Reactive arthritis is triggered by an infection. Much of evidence has been accumulated to prove that the causative microbes or their components may persist in the organism for extended periods, maintaining an active immune response. Therefore, the question about the value of antibiotics has been entertained by several research groups. A number of studies have demonstrated that antibiotics may be useful only if applied very early, before the pathogenetic process has started. In established reactive arthritis short-term treatment is apparently not effective. Also a three-month course of ciprofloxacin has been demonstrated to be without clinical effect as observed during a one-year follow-up. The same findings were made in a large multicenter EULAR study regarding azithromycin. However, when patients were re-examined four to seven years after an initial 3-month course of the antibiotics in the Finnish ciprofloxacin study, it turned out that patients in the placebo group had significantly more often developed chronic joint symptoms and objective findings of rheumatic disease than those treated with the antibiotic. In addition, a recent study suggests that intensive treatment with a combination of doxycycline and rifampin may have a beneficial effect even in chronic reactive arthritis. The question must be raised whether antibiotics, after all, should be considered especially in HLA-B27 positive patients.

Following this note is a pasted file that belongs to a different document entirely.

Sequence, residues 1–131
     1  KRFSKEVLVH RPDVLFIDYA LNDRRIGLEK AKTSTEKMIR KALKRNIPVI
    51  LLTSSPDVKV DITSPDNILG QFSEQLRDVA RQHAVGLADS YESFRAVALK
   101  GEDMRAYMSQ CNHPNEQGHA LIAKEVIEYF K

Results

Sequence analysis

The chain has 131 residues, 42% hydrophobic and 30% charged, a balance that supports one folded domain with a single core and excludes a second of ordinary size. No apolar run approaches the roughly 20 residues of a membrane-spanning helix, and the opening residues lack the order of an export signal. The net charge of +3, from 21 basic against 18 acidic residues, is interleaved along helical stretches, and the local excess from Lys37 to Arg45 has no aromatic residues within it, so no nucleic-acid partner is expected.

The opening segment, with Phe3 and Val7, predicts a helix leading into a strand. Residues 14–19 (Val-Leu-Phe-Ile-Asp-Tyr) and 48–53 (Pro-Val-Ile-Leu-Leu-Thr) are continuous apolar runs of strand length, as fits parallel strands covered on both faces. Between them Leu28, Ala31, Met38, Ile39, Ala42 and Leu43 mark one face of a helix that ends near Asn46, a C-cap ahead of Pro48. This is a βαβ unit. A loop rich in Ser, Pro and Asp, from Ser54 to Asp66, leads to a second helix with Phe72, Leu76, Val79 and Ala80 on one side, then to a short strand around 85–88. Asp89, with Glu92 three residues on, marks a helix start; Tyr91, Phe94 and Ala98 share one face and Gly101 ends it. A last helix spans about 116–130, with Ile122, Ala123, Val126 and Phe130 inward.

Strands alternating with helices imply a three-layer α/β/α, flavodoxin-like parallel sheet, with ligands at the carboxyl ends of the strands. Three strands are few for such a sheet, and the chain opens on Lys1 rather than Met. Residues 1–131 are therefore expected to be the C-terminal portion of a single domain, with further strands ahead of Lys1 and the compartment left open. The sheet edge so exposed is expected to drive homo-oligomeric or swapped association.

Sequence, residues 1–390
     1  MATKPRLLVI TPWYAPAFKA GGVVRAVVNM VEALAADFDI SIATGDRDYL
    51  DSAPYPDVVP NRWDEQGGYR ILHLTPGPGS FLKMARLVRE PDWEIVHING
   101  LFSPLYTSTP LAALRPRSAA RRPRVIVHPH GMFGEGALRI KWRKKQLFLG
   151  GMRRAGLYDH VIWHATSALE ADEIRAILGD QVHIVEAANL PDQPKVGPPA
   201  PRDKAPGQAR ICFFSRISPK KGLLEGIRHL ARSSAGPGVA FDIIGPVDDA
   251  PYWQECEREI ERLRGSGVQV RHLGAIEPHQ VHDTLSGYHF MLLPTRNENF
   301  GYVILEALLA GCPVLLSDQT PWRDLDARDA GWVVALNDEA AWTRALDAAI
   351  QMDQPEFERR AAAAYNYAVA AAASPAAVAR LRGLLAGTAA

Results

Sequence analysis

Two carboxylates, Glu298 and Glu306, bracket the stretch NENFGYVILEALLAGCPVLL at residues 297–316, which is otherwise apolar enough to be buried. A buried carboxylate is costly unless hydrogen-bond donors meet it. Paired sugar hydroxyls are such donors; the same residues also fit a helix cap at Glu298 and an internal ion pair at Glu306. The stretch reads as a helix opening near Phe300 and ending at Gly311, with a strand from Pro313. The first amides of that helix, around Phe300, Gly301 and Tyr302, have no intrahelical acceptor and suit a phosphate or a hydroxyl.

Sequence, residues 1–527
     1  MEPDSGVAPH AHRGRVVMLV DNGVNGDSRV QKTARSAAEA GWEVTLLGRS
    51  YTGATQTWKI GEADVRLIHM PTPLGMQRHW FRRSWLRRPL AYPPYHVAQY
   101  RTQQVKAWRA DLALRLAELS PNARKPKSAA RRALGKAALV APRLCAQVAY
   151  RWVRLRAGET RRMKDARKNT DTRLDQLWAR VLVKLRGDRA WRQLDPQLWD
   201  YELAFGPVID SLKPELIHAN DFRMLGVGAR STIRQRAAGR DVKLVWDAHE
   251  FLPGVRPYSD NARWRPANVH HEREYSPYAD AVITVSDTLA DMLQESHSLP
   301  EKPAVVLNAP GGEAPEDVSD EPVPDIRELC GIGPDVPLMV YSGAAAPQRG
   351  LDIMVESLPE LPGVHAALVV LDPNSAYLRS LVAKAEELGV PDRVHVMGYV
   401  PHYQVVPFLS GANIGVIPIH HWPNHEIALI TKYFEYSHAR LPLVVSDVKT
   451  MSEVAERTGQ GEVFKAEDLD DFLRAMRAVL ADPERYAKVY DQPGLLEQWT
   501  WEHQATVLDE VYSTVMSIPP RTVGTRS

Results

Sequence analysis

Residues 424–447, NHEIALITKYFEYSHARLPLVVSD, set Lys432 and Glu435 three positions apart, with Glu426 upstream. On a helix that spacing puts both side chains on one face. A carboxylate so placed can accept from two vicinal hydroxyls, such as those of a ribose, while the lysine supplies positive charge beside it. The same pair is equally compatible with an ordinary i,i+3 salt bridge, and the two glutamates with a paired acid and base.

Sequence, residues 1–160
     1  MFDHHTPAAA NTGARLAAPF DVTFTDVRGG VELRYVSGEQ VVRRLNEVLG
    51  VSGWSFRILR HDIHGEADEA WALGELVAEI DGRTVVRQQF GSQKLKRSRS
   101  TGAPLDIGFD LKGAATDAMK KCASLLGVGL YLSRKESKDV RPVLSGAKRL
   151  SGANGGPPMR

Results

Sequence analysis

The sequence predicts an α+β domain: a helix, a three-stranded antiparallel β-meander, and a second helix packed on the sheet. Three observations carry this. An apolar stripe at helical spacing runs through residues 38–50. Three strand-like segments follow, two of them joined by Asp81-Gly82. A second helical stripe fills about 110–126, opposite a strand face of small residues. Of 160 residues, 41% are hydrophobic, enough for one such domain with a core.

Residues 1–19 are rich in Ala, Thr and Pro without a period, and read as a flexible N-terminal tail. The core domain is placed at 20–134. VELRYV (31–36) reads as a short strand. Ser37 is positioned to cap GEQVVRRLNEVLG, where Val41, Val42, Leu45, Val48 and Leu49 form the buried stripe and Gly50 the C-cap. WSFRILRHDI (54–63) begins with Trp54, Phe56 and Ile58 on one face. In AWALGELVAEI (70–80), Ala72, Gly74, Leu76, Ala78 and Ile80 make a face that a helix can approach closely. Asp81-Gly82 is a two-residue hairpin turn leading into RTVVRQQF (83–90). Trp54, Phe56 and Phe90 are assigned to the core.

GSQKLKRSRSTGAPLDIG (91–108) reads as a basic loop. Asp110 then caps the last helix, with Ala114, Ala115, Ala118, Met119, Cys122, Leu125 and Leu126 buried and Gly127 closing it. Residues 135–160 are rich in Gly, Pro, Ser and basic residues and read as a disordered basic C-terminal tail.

Keywords: Reactive arthritis, spondylarthrtopathies, enteroarthritis, uroarthritis, HLA-B27, ciprofloxacin
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